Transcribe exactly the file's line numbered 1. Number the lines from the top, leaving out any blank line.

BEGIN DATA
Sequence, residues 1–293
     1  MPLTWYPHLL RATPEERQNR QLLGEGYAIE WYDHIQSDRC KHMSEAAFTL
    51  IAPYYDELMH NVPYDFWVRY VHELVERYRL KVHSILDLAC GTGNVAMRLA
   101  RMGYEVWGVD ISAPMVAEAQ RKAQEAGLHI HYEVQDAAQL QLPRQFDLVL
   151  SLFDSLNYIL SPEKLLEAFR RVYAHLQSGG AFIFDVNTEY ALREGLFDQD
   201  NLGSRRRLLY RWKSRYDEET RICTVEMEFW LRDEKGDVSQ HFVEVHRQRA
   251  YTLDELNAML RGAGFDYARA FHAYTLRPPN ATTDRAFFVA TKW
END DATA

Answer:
Sequence, residues 1–293